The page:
Clutter-Upper For Sale

I’m selling a house again. At the risk of sounding braggy, this house is really nice. 

Especially now that we’ve cleaned it up, cleared all the crap off the kitchen counter, touched up the paint and wiped away any trace of anyone actually living here.

Whenever I get a house ready to show, I clean it so well, I’m forced to look around and wonder, “Why didn’t I do this for me?”  When we were selling our house in Cleveland, I borrowed my sister Kathy’s good sweeper, the one with enough vacuum power to suck a Wizard of Oz collectible figurine out from under the bed. It had all kinds of attachments, including one that could get years of dust and grime out of the woodwork. For the first time since we moved into that house, it was vacuumed like it was supposed to be. 

“Was this carpet always white?” my husband asked when I was finished.

“Apparently, yes, it was. We’re going to have to change the listing description.”

Right now, Day 4 of selling our house in Lexington, my shower doesn’t have any shampoo in it. There are no perfume bottles, hand cream or makeup on my dresser. The laundry room doesn’t have any clothes baskets in it, let alone clothes. Even the dog dish has been relegated to the garage. You might think that robots lived here or we’d been recently robbed.

For some unexplained reason, this helps to sell a house. 

Home buyers are like brain damaged puppies. And I’m allowed to say this because as a home seller, I, too, am a home buyer. The two go together unless you’re selling your house to be homeless.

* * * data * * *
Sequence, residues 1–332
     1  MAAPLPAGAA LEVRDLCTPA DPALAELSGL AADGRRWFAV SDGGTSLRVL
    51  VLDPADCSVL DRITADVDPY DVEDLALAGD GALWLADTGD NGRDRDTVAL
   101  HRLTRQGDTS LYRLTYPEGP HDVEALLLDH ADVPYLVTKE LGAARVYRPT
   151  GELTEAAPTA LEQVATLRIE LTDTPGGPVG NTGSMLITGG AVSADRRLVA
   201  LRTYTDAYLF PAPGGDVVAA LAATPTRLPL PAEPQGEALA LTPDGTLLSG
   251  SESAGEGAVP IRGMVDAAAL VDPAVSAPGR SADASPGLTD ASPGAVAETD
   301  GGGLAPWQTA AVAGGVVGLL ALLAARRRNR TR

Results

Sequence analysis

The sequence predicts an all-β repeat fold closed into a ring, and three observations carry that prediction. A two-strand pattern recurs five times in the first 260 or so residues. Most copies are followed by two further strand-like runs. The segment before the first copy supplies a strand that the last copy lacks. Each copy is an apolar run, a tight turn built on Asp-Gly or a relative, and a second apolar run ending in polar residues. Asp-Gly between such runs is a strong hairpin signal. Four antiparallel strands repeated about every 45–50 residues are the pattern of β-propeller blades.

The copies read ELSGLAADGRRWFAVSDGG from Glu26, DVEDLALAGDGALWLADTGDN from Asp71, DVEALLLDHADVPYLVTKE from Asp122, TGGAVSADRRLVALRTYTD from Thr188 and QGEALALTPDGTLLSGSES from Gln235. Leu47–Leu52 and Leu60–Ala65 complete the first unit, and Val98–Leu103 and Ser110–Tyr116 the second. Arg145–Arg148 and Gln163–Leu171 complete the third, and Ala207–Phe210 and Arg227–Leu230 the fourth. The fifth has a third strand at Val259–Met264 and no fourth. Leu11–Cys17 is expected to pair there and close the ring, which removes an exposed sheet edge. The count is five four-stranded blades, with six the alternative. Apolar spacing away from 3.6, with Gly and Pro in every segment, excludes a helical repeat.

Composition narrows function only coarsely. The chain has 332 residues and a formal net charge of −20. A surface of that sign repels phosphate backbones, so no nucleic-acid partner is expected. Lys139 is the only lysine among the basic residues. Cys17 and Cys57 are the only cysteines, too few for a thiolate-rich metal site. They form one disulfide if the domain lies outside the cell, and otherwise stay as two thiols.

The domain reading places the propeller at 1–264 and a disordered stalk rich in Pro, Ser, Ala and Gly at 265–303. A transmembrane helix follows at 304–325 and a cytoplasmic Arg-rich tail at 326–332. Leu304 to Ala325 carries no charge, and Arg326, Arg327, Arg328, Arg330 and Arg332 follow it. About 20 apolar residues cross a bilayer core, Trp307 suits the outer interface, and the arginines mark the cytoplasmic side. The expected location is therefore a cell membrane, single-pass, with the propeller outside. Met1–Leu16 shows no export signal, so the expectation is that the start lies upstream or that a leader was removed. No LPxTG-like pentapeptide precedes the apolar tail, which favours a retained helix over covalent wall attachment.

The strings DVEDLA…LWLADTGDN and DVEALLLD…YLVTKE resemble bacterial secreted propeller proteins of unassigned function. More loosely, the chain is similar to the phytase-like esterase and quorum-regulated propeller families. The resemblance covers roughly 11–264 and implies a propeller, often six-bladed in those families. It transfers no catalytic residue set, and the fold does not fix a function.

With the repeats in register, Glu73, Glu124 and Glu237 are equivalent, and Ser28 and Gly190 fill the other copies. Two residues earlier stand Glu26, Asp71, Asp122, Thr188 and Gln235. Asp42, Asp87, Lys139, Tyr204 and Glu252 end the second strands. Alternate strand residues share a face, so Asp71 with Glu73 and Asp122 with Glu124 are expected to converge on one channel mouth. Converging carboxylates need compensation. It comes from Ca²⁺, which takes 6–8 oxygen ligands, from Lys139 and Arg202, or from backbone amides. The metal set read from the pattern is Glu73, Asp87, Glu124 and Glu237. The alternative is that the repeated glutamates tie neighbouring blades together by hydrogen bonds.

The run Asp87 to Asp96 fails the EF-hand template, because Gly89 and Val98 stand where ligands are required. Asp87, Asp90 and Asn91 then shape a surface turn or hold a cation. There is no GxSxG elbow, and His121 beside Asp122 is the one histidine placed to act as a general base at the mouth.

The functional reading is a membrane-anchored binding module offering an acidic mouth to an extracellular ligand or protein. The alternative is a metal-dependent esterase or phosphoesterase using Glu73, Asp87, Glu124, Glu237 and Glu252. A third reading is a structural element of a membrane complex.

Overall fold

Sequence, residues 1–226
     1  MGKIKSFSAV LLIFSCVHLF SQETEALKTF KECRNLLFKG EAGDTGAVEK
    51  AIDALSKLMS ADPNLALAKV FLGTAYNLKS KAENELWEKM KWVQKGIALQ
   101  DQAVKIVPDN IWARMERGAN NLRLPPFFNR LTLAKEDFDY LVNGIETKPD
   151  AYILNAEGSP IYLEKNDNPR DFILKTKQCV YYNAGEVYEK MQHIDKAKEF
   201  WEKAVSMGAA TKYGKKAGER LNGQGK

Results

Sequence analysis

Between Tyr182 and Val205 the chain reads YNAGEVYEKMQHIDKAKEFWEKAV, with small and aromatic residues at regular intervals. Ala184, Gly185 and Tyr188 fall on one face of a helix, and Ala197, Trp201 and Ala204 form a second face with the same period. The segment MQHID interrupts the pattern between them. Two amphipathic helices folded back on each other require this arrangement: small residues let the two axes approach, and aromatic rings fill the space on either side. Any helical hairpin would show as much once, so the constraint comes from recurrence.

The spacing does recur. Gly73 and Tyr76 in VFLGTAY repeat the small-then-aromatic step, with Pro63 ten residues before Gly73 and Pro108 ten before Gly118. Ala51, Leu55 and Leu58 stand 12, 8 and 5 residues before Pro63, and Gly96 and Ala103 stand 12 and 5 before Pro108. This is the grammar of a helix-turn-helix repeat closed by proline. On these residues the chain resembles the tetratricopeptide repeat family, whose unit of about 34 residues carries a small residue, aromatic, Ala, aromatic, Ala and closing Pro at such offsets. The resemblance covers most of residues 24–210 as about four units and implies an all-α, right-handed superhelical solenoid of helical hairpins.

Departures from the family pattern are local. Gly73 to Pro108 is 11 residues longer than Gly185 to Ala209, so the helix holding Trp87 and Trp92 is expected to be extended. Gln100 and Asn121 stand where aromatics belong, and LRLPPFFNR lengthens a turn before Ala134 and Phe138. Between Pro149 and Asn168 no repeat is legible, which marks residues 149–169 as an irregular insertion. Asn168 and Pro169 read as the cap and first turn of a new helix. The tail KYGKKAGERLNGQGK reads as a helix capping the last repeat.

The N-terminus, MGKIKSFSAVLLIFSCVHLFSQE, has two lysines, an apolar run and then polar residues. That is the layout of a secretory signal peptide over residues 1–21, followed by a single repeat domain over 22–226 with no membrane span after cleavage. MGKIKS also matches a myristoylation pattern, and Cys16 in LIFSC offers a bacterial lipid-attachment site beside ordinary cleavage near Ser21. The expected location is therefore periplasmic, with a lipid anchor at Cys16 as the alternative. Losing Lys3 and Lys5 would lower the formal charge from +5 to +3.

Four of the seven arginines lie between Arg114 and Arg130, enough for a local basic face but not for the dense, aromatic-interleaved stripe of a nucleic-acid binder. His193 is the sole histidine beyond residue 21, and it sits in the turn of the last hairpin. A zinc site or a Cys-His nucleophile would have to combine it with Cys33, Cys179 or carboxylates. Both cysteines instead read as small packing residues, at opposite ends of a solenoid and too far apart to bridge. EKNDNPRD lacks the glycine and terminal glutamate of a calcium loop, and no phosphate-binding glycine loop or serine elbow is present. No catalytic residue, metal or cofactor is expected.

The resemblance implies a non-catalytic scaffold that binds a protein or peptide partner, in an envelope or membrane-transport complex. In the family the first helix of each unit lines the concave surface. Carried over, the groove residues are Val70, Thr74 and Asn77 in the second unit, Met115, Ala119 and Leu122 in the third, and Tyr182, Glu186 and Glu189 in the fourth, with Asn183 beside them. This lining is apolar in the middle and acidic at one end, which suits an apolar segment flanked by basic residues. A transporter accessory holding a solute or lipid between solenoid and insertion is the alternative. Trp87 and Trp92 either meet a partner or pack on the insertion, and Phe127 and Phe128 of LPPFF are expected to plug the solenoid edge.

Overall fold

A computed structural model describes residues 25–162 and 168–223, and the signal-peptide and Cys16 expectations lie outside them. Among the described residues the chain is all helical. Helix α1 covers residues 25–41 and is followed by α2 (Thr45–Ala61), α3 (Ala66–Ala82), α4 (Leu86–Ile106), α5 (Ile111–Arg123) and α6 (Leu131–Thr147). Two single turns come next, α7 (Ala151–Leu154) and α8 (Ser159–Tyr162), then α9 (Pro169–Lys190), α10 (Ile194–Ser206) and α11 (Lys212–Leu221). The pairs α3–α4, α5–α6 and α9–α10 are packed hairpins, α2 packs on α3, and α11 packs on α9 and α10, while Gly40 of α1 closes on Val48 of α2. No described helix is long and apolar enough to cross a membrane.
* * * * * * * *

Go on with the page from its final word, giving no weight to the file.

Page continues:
A home buyer can look at a kitchen that’s too small, a bathroom that doesn’t have a shower, and a bedroom that won’t fit your queen-sized bed, and as long as things are neat and tidy, they’ll fall in love with the house and pay any price.

Do we think the house will stay clean if we buy it? Do we somehow believe that the cleanliness comes with the house? “Clutter-free counters convey” isn’t written anywhere, but we feel so darn good about a house that isn’t being taken over by backpacks, stacks of junk mail and small appliances, that we must own it.

The same is true for all the cool stuff in a house you’re looking at. You’re a smart person, you know the Appalachian weavings in shadow boxes on the living room wall are not going to stay in the house if you buy it. You have half a brain, you know they’re not going to forget them. But it’s things like that which make you say to your subconscious “If this house is good enough for cool, trendy, artsy people like them, it’s certainly good enough for tacky old me.” 

So I’ve cleared all signs of my drab, kitschy life out of my house (many of them are in garbage bags in my car) and I’ve left out only the cool stuff. Unfortunately, that’s not a lot, so we’ve got a lot of bare surfaces.

If you come to see my house with your Realtor, you won’t smell chocolate chip cookies, you won’t see champagne next to the tub, you won’t see a fresh flower centerpiece on the dining room table. But wallow a while over by the kitchen desk, which doesn’t have one piece of mail on it, no school forms to fill out, buttons to be sewn on, or birthday cards to mail. 

I’ll be here, sitting in the empty family room, waiting for your offer.